to the Loire regions
cuisine of the Auvergne
is a land of a thousand potato dishes, of hard sausages and strong
The Auvergne is a region of peasant cuisine, simple
but good, with dishes built around the staple ingredients of potatoes and
cabbages, but the region is also famous for its dried sausages and cured,
salted or smoked hams. There is ample mutton for the production of gigot
brayaude and a stuffed sheep’s trotter dish, called tripoux.
The Auvergnat’s also claim to
have invented coq-au-vin. Dairy
and beef cattle are common on the plains and there is a natural extension
of the cereal growing region of Berry to the north. For a brief period in
the 18th Century, the Auvergne also enjoyed a market in Paris
for its frogs, and a century later Alexandre Dumas wrote that they made
for a healthy diet, especially when cooked in soup.
The Limagne also supports much mixed agriculture, extending from the
plains and onto the lower slopes, which accommodate apple and pear
orchards and, in turn, give way to peach, apricot, cherry and almond trees
as one climbs higher up the slopes. Candied fruits are a specialty of the
Auvergne, given the diversity of produce grown here.
Local dishes include Potée
auvergnate, a rib sticking stew, Truffade,
a rustic potato and cheese dish which is seen on every tourist menu; its
quality and style as diverse as a pizza in Napoli. Aligot
is made by mashing potatoes and blending with fresh cheese (ideally Cantal
or Laguiole, or Tomme) and beating over a flame until the dish resembles a
thick fondue. It can be bought, oven-ready, and is delicious when eaten
with local charcuterie and a side salad with a bowl of cornichons. Pounti is a specialty of Cantal and is based on a batter of eggs and
flour, cooked to resemble an omelette. It’s often filled with a
fridge-emptying mélange of herbs and prunes which can then be eaten hot
Vineyards in the Haute-Loire may have disappeared
with the onset of phylloxera, but the département
does have a reputation for the growing of lentils enjoying, since 1996,
its own appellation for them. They are cultivated on the high plateaux,
between 600 and 1,000 metres with the production centred on the town of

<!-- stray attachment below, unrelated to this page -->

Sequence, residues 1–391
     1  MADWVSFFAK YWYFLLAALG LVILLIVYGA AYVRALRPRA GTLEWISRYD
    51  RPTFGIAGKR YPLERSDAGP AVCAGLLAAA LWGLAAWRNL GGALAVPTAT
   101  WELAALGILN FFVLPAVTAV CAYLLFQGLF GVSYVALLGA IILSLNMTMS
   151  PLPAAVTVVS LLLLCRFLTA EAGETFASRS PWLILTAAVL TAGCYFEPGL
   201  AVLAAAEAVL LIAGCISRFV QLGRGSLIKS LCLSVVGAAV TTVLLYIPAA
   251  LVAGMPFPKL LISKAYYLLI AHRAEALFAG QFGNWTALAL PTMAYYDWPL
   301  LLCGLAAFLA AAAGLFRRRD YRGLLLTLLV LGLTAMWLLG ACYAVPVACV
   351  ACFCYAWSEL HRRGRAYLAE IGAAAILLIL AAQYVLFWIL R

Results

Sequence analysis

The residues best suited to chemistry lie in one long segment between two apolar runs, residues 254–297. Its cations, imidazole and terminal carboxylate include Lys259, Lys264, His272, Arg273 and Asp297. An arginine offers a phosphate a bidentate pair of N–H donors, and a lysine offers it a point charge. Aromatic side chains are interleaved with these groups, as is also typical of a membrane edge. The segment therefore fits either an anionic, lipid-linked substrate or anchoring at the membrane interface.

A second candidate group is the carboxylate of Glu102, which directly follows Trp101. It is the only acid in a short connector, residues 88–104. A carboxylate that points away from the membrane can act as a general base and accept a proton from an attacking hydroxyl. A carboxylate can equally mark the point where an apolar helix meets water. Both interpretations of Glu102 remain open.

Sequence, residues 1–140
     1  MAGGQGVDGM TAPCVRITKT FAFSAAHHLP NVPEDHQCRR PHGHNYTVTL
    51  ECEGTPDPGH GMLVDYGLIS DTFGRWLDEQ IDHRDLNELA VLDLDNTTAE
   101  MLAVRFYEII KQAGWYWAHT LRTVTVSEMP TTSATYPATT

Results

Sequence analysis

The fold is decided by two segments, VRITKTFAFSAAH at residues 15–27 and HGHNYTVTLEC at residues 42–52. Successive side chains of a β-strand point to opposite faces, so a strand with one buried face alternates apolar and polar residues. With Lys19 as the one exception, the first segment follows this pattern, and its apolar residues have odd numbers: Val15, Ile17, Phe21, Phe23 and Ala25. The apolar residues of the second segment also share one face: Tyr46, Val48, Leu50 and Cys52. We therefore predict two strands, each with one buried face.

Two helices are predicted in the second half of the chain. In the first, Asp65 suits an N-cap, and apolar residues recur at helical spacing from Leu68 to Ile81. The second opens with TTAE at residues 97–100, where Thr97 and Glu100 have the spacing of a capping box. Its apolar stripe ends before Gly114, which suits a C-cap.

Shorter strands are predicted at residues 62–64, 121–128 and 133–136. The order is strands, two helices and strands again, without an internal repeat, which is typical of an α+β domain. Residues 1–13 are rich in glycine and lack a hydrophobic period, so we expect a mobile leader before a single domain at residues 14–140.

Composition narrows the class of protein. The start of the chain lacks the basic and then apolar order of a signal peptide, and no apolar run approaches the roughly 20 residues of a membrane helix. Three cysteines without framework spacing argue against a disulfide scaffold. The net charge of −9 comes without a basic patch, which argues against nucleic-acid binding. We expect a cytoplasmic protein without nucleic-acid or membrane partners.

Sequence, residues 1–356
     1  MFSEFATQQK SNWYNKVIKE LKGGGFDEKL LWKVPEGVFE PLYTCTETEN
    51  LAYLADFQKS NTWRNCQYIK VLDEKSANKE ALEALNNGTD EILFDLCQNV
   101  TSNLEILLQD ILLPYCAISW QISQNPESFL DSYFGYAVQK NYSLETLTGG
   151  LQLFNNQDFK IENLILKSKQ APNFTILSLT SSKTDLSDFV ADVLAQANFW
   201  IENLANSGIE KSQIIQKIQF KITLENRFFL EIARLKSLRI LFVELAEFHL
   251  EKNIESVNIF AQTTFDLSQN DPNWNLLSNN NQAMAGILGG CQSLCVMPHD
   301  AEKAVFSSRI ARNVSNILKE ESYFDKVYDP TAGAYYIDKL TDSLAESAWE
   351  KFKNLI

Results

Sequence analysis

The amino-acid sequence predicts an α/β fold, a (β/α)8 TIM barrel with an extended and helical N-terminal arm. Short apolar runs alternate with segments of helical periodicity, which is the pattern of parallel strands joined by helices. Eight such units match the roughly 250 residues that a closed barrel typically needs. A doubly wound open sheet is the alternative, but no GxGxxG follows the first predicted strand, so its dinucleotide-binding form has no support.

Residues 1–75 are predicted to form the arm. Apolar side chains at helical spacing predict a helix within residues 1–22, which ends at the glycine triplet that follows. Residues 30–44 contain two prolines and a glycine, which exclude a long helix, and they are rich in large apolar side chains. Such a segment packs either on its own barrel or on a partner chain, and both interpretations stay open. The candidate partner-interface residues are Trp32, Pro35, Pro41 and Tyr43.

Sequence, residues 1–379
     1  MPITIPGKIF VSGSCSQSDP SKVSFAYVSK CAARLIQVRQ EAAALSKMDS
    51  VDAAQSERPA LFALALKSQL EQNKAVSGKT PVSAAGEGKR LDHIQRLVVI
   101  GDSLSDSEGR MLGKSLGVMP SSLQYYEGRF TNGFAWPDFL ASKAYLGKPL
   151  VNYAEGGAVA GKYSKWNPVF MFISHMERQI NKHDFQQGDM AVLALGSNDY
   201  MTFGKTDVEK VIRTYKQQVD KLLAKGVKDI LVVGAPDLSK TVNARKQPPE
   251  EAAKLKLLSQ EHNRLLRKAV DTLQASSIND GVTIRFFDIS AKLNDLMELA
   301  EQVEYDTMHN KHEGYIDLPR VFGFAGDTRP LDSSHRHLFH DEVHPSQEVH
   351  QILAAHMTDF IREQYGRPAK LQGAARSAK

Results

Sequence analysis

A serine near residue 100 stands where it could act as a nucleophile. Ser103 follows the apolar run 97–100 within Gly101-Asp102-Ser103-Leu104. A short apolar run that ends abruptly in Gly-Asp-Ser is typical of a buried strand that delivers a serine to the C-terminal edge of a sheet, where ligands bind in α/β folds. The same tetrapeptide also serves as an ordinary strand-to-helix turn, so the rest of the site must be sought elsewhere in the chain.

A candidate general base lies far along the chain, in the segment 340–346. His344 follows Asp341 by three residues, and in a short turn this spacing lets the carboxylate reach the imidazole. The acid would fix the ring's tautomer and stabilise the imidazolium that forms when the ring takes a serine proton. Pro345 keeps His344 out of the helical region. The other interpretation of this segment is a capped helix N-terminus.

Le-Puy-en-Velay. It is a triangular area encompassing 88 communes in the
Haute-Loire, from Saint-George d’Aurac in the valley of the Allier in
the north-west, across to Retournac, a village of the Loire in the
north-east, and down to Pradelles in the south. Their origin in the region
predates the arrival of the Romans, with the rich volcanic soil, climate
and the specific varieties of lentil found here being attributed to its
quick cooking time. The harvest follows that of the vine, being from late
August through to October.
One hundred years ago, it would have been a bottle
of Auvergne wine that would have been more likely have been found on the
tables of Paris. Today, it’s about a thousand times more likely that you
will be offered a bottle of
Auvergnat water instead: Volvic, Vichy-Saint-Yorre and Châteldon all
The Auvergne is known as the cheeseboard of France
due to the rich diversity available; expect to find the familiar names of
blue, pressed and soft cheeses here and manufactured, primarily, in the
upland meadows of the Cantal. Cheese making is also one of the oldest
industries in the country, with production in the Region being recorded by
Pliny the Elder, two thousand years ago.
The original blue of the Auvergne; legend goes that
a farmer by the name of Antoine Roussel produced the first one in 1850
when he left a fresh cheese in a drawer with some crumbs of mouldy bread.
A mild blue cheese produced around Ambert in the
Fourme d’Ambert AOC
of the most famous of all France’s blue cheeses, this
is produced through much of the upland Auvergne.
Bleue d’Auvergne AOC
A hard, uncooked pressed cheese which carries an AC
for production within the département
and comes as jeune (young) or entre-deux
Two other smaller areas within the Cantal which produce hard cheese at
high altitude are from unpasteurised cows milk in summer only are Laguiole
AOC and Salers AOC.
One of the most famous soft cheeses in France, it
enjoys its own appellation, although the style and quality varies
enormously. There are two distinct types: farm produced, or cru, which is generally made from unpasteurised milk and better,
although also more expensive, and dairy; sold when still too young and
essentially found in supermarkets.
When young, a proper Saint-Nectaire will be hard and
dry, but with age will soften and become elastic and have a tendency to
run when at room temperature.
is a little seen cheese, similar to Saint-Nectaire, which has had its own
AC since 1945.